Citation: Byass P (2007) Who Needs Cause-of-Death Data? PLoS Med 4(11): e333. https://doi.org/10.1371/journal.pmed.0040333
Published: November 20, 2007
Copyright: © 2007 Peter Byass. This is an open-access article distributed under the terms of the Creative Commons Attribution License, which permits unrestricted use, distribution, and reproduction in any medium, provided the original author and source are credited.
Funding: The author received no specific funding for this article.
Competing interests: The author has declared that no competing interests exist.
Abbreviations: CSMF, cause-specific mortality fraction; PCVA, physician-coded verbal autopsy; VA, verbal autopsy
More than half of the world's deaths pass by undocumented as to cause . Whilst the appropriate focus of health services may well be the care of the living, consistent and reliable cause-of-death data also constitute a crucial and major resource for health planning and prioritisation, and their lack in many settings is a major concern. Two new papers from Christopher Murray and colleagues in this issue of PLoS Medicine [2,3] report important methodological advances which should go some way towards filling these data gaps.
The Inequalities of Dying
To paraphrase George Orwell, all deaths are equal, but some are more equal than others. In particular, the chance of a death being registered and documented as to cause depends strongly on the socioeconomic status of the community and nation in which it occurs, and this is a major obstacle in coming to a meaningful global overview of mortality patterns.
Whilst richer settings have traditionally aggregated physician death certificates and autopsy data as the basis for public health reporting, in poorer circumstances alternative approaches have to be used. Over the last 25 years, these strategies have often involved so-called “verbal autopsy” (VA)—interviewing relatives and witnesses of deaths and interpreting the interview material to arrive at cause(s) of death [4,5].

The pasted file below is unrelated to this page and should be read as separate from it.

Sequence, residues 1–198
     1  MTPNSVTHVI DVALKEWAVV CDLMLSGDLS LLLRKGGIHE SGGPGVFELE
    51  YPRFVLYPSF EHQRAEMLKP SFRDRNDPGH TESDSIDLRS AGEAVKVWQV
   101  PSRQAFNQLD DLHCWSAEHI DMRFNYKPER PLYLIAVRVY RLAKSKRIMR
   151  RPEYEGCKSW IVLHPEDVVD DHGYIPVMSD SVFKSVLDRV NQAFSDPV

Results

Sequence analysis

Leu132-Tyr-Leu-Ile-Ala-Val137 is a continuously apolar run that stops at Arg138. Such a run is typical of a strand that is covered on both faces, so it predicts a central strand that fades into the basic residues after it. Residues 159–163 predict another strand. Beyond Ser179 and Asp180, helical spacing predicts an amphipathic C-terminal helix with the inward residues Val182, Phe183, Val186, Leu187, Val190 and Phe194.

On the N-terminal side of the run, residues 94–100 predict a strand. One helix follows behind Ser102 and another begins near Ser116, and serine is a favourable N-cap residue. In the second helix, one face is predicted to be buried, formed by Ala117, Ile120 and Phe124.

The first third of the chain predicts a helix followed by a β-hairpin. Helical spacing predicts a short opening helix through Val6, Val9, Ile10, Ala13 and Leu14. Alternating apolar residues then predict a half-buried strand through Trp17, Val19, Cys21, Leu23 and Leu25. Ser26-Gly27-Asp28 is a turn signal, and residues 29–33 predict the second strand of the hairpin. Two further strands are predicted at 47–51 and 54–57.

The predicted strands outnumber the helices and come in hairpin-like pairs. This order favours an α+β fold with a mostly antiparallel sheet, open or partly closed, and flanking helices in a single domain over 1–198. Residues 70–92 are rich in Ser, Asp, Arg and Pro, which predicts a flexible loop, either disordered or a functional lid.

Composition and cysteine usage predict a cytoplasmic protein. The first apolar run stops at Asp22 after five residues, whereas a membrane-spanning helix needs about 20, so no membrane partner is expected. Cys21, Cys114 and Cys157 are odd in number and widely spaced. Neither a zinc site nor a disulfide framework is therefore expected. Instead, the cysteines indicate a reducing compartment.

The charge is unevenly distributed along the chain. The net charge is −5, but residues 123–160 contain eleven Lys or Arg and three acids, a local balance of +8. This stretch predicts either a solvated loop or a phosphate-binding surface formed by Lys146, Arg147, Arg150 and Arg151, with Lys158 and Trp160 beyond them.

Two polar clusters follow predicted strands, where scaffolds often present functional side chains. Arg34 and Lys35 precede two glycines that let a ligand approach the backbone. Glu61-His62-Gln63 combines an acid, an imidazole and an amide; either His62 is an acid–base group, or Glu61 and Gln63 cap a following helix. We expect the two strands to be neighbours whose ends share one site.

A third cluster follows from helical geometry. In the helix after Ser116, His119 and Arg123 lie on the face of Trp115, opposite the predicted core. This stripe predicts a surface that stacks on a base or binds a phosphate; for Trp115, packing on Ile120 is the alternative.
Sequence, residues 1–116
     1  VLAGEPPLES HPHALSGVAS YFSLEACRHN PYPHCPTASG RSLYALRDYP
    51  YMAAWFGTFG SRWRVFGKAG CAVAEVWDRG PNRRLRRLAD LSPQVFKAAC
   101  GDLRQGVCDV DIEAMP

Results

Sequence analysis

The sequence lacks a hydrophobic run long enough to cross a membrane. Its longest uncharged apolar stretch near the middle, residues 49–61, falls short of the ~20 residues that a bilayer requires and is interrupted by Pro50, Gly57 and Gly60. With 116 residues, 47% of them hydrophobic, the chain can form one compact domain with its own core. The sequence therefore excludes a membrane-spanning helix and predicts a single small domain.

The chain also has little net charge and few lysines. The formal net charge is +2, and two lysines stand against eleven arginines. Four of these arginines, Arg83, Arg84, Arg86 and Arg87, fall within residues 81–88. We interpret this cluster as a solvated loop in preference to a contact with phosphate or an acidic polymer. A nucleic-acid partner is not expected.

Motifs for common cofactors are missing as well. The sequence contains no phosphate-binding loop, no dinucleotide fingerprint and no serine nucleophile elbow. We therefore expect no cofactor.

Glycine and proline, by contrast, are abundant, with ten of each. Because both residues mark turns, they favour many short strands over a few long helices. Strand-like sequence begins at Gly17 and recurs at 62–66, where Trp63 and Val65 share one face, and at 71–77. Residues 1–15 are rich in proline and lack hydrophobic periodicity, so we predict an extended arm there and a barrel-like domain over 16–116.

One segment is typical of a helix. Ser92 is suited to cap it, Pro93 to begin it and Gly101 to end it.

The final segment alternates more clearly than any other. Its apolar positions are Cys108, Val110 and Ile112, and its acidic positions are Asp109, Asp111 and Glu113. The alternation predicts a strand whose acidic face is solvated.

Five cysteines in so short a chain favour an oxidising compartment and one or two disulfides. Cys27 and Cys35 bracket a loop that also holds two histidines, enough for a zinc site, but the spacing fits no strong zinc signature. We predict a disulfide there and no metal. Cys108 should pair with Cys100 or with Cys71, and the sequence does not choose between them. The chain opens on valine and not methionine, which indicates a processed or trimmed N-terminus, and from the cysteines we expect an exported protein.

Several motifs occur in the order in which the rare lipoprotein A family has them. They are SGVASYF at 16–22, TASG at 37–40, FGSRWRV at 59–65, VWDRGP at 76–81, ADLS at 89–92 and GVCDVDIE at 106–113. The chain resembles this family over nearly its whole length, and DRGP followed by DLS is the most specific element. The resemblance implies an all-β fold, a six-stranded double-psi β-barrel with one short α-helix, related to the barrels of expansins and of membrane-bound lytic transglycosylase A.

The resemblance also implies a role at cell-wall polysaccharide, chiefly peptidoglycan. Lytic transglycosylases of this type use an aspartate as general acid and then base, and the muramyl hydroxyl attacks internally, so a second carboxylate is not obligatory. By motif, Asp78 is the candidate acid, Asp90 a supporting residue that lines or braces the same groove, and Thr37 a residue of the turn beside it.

Much VA interpretation has been undertaken by physicians (physician-coded verbal autopsy, PCVA), but this approach makes large demands on limited resources and can be inconsistent over time and place. Much work on VA methodology has concentrated on emulating individual physician death certification, often glossing over the considerable variability and imprecision with which death certificates, the supposed “gold standard,” are sometimes completed .
Related Research Articles
This Perspective discusses the following new studies published in PLoS Medicine:
- Murray CJL, Lopez AD, Barofsky JT, Bryson-Cahn C, Lozano R (2007) Estimating population cause-specific mortality fractions from in-hospital mortality: Validation of a new method. PLoS Med 4(11): e326. doi:10.1371/journal.pmed.0040326
Working in Mexico and using vital registration data, Chris Murray and colleagues achieved encouraging results with a new method to estimate population cause-specific mortality fractions.
- Murray CJL, Lopez AD, Feehan DM, Peter ST, Yang G (2007) Validation of the symptom pattern method for analyzing verbal autopsy data. PLoS Med 4(11): e 327. doi:10.1371/journal.pmed.0040327
Chris Murray and colleagues propose and, using data from China, validate a new strategy for analyzing verbal autopsy data that combines the advantages of previous methods.
Newer approaches using computer models for interpreting VA data are now tending to supersede PCVA, both for populations in general [7,8] and for specific subgroups [9,10], putting more emphasis on cause-specific mortality fractions (CSMFs) than on individual causes.
Who Really Needs What?
Methodological advances in cause-of-death determination have not always been explicit about which gaps in the global data they seek to fill, and this has sometimes led to a confused overall picture. There are different levels at which data on mortality patterns are needed (i.e., from the local to the global) and various ways of meeting these needs, as shown in Table 1.
Murray and colleagues' new approach for estimating population CSMFs  within countries that have existing data on hospital deaths and partial vital registration is a big step forward from simply reporting facility-based data. Although it still depends on the availability of requisite data, it represents an important way forward for understanding mortality in transitional countries, without needing primary data capture.